The first step of getting to China was to get a valid visa. I already had a 10-year multi-entry visa but that was only valid for 60-days at a time and on top of that China had revoked all outstanding visas in 2020 because of COVID. Fortunately, the Microsoft China visa office was there to help me although they were very confused about the whole situation. Their first suggestion was to get a PU-letter but then they concluded that it wouldn’t last long enough. Their next suggestion was to get an R-visa which allowed a 180-day stay but was harder to get.
In case you are wondering, I didn’t want to go for the full expat arrangement for just a few months trip. That would have required me to move companies, China is a different legal entity, and make my tax situation even more complicated than it already is.
I had never heard about an R-visa before, so I started investigating it. An R-visa is issued to those who are high-level talents or whose skills are urgently needed in China. The qualification examples I read were of Nobel prize winners and I’m clearly not in that league, but it got me worried enough that I brushed off my CV and used Google scholar to find all my publications and citations. In retrospect that was overkill. All you need for an R-visa is to be a professor at a well known university or an executive at a fortune 500 company. I don’t think they even used my CV in the end, just the form I filled out with my last 3 jobs, companies and titles.
When I had assembled all the information, it took me about 4 weeks, my company’s China visa office had changed their mind. They told me they were going for a PU letter because it was easier. I blew up and asked them why they had just wasted my time. Taken aback, they decided to still file for an R-visa certification letter but told me it was very risky. Right before filing the request, the china team asked me to write an introduction letter to go with my application. They would adapt and translate it for me. As you can imagine, I wrote a glowing recommendation letter about my work and the unique opportunity for MSRA and China to host me. That worked. Three days(!) after filing the request I received the much-coveted R-visa certification letter.
The next step was to apply for the actual visa at a Chinese consulate/embassy in the USA and this is where things got interesting, and I got very lucky.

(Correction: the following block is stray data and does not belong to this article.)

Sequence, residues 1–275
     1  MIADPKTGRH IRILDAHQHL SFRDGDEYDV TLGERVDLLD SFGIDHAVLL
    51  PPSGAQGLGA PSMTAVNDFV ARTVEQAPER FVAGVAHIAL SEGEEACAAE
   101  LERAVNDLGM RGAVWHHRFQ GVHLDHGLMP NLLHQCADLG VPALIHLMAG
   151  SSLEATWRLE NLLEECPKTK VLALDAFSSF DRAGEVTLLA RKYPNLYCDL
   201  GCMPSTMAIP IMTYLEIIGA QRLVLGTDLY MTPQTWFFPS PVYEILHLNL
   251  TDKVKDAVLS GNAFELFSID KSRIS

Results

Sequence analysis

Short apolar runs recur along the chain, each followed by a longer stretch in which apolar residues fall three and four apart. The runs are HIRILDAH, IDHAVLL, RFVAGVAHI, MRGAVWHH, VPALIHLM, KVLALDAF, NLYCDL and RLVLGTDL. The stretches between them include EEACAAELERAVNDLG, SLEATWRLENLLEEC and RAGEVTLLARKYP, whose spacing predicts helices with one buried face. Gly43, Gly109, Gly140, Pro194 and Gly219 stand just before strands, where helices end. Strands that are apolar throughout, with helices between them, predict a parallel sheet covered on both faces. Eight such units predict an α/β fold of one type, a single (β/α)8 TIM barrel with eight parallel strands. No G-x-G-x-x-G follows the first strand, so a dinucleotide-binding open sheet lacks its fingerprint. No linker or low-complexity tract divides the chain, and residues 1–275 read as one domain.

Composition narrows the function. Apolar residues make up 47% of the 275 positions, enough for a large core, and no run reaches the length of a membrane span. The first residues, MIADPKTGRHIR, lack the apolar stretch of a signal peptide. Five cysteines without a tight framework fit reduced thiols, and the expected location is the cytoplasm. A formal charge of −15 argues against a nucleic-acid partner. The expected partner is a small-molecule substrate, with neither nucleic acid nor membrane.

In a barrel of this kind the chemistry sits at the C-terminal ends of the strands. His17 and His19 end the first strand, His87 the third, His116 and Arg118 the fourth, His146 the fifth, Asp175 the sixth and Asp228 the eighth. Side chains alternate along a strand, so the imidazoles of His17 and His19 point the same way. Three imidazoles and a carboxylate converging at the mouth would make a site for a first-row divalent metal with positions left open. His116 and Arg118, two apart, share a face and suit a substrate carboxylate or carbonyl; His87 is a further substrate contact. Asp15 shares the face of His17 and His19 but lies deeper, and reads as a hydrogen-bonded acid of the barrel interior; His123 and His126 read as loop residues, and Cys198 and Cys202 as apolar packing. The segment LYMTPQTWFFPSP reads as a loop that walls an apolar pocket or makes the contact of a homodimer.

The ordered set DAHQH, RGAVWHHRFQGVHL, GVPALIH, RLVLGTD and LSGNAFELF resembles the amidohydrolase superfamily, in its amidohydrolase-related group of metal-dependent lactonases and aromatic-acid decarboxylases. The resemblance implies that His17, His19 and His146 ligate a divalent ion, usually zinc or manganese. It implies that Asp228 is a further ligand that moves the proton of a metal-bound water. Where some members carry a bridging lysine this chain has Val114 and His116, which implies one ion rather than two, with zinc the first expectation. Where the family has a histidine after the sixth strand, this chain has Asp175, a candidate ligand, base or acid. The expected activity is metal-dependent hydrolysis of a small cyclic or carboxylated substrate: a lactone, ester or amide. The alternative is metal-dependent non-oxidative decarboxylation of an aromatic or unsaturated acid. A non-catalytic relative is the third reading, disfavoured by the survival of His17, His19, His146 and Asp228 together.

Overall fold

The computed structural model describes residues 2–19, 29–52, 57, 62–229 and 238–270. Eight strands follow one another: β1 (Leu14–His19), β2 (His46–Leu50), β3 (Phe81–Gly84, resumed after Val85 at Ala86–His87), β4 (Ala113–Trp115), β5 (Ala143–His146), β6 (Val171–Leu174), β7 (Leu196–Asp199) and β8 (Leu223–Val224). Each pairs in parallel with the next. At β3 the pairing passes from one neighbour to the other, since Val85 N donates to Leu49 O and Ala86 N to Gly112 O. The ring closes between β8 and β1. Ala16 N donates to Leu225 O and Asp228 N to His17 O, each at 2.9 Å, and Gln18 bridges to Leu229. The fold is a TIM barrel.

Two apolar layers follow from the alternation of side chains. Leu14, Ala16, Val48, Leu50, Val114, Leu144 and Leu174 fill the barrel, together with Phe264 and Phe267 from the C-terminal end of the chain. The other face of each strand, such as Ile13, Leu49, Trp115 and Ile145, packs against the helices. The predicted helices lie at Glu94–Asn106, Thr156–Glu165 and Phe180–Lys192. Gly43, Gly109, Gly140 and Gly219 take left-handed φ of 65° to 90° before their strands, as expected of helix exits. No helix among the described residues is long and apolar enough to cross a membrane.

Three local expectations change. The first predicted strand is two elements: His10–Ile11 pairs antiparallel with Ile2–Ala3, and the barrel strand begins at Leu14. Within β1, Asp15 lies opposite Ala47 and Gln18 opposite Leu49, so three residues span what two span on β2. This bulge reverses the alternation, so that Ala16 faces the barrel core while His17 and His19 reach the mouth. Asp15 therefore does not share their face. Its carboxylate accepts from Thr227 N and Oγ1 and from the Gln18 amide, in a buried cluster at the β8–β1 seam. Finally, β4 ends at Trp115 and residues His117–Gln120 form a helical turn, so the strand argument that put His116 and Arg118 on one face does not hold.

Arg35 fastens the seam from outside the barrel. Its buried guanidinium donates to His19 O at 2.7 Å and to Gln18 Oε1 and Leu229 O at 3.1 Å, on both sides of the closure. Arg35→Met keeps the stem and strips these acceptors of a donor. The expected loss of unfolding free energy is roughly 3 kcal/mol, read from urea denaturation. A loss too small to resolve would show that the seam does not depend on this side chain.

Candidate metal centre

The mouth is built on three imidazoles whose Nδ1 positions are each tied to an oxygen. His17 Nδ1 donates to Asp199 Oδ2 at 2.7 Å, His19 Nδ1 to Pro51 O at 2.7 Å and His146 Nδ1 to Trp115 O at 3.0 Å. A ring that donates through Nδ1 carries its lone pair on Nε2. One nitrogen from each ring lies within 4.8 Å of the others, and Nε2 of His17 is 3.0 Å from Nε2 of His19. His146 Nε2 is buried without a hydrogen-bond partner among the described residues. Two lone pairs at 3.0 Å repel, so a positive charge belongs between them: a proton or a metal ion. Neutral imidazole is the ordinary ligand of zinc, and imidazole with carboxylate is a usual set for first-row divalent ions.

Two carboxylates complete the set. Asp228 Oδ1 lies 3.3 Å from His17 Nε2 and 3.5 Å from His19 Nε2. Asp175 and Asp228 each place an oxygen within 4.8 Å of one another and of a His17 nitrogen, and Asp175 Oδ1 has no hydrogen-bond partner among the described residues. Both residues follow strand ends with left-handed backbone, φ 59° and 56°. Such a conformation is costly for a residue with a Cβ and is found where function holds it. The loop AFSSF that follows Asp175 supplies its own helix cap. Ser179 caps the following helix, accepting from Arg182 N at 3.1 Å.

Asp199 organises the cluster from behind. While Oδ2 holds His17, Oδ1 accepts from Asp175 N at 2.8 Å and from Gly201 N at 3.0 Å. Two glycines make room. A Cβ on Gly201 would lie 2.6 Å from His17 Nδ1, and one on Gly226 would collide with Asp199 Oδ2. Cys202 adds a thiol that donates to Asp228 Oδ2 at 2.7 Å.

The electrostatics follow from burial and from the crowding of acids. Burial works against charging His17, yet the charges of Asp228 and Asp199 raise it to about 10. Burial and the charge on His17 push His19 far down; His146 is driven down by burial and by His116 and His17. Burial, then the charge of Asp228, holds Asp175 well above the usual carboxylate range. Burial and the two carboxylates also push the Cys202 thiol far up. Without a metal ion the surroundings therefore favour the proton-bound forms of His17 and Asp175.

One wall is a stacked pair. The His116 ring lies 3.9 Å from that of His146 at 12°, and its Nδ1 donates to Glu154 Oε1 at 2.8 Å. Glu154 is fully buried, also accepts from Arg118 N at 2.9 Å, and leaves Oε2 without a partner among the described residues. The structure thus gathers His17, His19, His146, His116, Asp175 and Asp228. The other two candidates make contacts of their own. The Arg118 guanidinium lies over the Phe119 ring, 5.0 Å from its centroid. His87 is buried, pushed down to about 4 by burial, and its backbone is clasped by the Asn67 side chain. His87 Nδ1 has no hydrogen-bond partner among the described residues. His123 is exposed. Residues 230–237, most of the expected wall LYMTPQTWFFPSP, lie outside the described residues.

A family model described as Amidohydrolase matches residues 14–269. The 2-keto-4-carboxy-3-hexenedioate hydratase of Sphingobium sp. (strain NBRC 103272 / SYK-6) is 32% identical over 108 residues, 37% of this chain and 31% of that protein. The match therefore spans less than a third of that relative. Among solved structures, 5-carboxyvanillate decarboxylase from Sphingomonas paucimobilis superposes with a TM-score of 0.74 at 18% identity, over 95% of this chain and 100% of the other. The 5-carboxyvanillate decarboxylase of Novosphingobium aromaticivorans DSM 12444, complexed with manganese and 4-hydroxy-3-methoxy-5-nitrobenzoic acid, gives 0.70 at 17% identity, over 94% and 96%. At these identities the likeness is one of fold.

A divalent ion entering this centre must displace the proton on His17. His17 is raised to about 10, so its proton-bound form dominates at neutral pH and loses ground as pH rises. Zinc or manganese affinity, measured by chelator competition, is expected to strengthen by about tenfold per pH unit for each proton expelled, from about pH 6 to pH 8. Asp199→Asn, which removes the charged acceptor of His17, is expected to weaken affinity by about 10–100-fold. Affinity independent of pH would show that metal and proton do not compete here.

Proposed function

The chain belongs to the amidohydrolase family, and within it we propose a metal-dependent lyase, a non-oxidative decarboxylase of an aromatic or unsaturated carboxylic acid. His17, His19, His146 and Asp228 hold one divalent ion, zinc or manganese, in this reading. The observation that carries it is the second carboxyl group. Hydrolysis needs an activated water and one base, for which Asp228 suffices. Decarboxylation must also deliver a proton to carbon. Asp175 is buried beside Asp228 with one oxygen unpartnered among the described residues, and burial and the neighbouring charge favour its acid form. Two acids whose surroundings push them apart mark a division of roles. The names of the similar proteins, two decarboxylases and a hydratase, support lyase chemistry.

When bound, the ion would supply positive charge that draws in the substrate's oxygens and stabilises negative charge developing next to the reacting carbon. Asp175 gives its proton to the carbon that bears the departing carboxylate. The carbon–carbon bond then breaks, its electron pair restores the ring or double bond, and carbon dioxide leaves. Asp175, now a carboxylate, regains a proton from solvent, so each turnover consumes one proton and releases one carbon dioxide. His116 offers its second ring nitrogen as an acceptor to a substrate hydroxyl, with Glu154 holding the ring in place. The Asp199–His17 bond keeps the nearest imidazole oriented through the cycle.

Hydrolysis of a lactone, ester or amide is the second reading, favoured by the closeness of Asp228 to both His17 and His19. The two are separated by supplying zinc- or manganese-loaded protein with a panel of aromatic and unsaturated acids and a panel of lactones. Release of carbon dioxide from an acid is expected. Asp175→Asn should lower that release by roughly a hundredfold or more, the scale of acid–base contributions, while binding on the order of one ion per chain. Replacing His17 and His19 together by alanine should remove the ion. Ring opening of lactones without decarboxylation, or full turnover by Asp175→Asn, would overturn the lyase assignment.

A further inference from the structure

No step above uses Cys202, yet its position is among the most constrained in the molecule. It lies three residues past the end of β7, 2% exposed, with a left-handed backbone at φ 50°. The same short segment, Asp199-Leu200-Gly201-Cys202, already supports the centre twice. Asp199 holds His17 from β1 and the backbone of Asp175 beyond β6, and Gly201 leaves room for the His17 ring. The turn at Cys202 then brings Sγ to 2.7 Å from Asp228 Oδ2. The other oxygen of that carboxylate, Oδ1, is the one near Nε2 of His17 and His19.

The China visa application is not for the faint of heart. Its application is an extensive list of questions about yourself, your spouse, your kids and even your parents. It took me a few hours to fill this out, find all the other requested information (driver’s license copy, passport, credit card authorization, photo of previous visa, actual photo, etc.) and figure out how to send this to the Chinese consulate. You need to send it with USPS priority mail express and include a paid-for self-addressed priority express return envelope as well.
I had sent all of it off on Friday to the Chinese consulate in LA. Relieved I was finally done with the whole process, it had taken many months, I enjoyed the weekend with my family. I was anxiously waiting for my visa to come back. On Monday evening 6pm I noticed that I had two calls from the LA Chinese consulate that I missed because they aren’t listed in my address book. I don’t accept unknown calls. Worried, I called back the number, but I got a fax machine instead.
Tuesday, I got an email from the LA consulate asking me for proof that I live in their jurisdiction. Jurisdiction? Unbeknownst to me, it turns out that the LA consulate doesn’t service Texas. The consulate that does service Texas is in Houston but that was shutdown months earlier. Apparently I should have sent everything to the Washington DC Embassy. Discouraged that I had to start all over again, I sent an apology email to the LA consulate explaining my confusion and asking them to return my passport so I can reapply.
I didn’t hear anything back from the LA consulate for a week. No email, no call, no returned passport. The next week I went on a business trip to Redmond, WA and halfway through my wife texts me a picture of my passport and the text this should make you happy: My passport had a 10-year 180-day per visit R-visa stamp in it.
Some of you will probably point out that I should have used a visa service to help me. I tried and called two of them, but they were utterly clueless and had no idea about R-visas and its process.
So, this is how I got the Chinese visa I wanted from the wrong consulate.